That little nubby celery stump that you normally throw away is valuable. It can live its own 99 lives. Here's how to use it to punch your ticket to vegetative financial freedom.
You Should Do This If:
You enjoy eating celery and don't want to pay for it anymore.
Moment of Satisfaction:
Did I not mention the free celery?
Biggest Pain in the Ass:
DAMN YOU! SPROUT ALREADY!
Materials and Tools Required:
- 1 bunch of celery
- 1 knife
- 1 shallow dish
- 1 plant pot and general-use potting soil
- 1 sunny windowsill
- 1 two-liter soda bottle
Difficulty and Cost:
It takes patience. You'll need a celery stalk. And $10 of garden gear.
Have Yourself a Salad
Cut the celery stump from the stalks about two inches from the bottom end (where they all connect—you know, the base). Fill the shallow dish with tepid water, set the stump in there too (cut side up), and put the dish in a sunny windowsill.
The Waiting Game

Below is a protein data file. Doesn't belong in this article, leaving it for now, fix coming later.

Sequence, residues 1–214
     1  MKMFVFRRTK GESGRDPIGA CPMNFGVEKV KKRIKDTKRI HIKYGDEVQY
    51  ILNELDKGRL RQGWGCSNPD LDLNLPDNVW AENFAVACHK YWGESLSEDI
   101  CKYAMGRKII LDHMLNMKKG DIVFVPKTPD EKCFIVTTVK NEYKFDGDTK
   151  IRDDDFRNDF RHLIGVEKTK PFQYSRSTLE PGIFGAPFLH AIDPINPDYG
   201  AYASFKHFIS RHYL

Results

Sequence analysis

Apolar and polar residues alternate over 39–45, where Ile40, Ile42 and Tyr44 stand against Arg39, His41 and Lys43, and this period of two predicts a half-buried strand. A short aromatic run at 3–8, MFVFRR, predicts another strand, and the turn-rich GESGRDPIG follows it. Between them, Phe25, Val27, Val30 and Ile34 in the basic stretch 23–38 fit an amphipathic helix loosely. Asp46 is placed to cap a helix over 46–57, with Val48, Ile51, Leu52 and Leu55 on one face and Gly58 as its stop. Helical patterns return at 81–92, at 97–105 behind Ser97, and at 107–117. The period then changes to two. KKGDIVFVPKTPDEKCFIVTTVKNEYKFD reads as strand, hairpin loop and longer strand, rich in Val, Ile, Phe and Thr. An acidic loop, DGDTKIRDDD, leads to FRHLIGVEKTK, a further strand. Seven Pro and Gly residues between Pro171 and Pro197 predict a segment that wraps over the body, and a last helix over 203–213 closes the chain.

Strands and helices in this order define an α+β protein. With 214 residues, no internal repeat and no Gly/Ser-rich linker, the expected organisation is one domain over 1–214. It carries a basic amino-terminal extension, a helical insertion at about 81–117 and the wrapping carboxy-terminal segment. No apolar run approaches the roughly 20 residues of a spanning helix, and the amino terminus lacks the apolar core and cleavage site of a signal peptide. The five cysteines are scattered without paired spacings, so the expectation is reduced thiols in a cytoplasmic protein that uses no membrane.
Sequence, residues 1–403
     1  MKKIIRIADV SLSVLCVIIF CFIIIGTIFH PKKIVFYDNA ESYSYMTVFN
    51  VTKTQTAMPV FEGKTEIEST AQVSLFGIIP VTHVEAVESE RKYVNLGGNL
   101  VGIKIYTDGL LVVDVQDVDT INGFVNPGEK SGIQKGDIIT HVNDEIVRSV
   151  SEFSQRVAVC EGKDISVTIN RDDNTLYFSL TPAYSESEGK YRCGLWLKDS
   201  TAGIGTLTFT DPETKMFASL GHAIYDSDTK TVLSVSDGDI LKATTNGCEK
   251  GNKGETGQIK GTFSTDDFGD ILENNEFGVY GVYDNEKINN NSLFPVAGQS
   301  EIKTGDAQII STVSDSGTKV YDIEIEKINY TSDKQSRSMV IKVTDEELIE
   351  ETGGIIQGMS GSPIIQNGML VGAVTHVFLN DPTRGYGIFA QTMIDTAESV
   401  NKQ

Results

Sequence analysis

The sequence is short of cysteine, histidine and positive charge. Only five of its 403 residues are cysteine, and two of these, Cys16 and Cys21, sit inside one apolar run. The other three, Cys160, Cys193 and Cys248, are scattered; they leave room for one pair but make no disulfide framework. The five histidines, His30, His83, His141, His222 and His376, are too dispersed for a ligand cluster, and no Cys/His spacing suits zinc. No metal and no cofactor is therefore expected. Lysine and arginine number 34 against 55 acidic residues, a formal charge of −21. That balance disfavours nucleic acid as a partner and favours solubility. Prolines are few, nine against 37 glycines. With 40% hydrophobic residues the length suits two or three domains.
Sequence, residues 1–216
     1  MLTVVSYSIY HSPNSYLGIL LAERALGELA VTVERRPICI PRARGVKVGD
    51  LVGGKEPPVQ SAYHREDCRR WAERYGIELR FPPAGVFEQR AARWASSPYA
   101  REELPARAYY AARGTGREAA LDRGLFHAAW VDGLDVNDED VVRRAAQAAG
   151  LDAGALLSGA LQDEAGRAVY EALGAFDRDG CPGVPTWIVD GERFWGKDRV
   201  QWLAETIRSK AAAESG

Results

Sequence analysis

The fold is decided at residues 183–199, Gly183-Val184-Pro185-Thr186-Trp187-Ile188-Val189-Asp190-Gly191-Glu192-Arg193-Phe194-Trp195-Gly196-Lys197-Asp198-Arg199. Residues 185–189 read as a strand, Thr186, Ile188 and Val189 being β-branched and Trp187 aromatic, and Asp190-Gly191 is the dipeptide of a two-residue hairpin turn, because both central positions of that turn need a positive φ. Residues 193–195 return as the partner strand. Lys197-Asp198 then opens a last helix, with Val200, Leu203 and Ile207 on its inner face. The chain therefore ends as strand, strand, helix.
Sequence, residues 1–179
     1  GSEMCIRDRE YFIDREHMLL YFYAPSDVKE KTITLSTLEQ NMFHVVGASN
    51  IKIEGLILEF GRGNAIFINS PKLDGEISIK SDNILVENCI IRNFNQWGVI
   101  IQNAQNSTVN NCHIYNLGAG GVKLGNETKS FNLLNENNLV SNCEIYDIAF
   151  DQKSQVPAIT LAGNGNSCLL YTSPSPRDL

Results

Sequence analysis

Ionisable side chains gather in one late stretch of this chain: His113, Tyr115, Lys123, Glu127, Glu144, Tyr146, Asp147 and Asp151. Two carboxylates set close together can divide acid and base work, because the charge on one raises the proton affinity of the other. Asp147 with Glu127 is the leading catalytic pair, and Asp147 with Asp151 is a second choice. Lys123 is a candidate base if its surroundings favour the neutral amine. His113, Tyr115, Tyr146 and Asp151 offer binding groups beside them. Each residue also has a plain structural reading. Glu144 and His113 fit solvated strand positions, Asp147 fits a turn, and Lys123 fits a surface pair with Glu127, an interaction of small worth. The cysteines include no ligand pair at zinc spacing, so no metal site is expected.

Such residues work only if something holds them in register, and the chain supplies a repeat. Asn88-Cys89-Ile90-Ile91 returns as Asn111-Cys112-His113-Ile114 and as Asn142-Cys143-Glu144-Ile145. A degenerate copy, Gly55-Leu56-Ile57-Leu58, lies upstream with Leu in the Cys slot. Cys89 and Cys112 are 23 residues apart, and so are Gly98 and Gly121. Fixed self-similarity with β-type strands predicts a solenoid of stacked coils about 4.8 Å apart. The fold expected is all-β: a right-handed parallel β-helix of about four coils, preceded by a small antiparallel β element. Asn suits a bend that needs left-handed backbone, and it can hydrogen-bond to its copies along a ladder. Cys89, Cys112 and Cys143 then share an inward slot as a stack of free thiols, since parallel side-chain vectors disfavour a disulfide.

Seriously, just let it sit there. The base will begin pushing thin root tendrils out and new leaves up within a few days (or as long as 10, depends). Once your leaves start bunching like the image below, you're ready to move on.
Movin' on Up
Once your celery stump has a few clumps of leave poking up, it's time to transplant it to a more permanent home. Fill your plant pot to the rim with soil, then add water—you want to make sure the soil is evenly wet but not soupy. Once the soil is wet, scoop out a handful and set it aside. Then, hollow out a cavity in the center of the pot and place the celery stump in there (make sure you strip any rotten bits from the celery before you do). Bury the stump using the soil you set aside, up to its leaves (you shouldn't see any of the original stalk, just the new growth poking up through soil. Or, if you want, you can plant it in your victory garden using the same technique (though cold-climate readers will still want to transplant it back into a pot for the frozen winter months).
Putting Down Roots
Congrats! You've now got your very own celery plant. Make sure you keep it sufficiently watered and fertilized. Once the new stalks begin really coming in, cut the top and bottom off of a two-liter soda bottle and place the cylinder around the celery plant. This will keep the stalks growing up, rather than out, which makes harvesting much easier. Speaking of harvesting, you can cut stalks from the plant as needed from now on.
Or, if you're lazy:
You can keep buying your celery like a schmuck.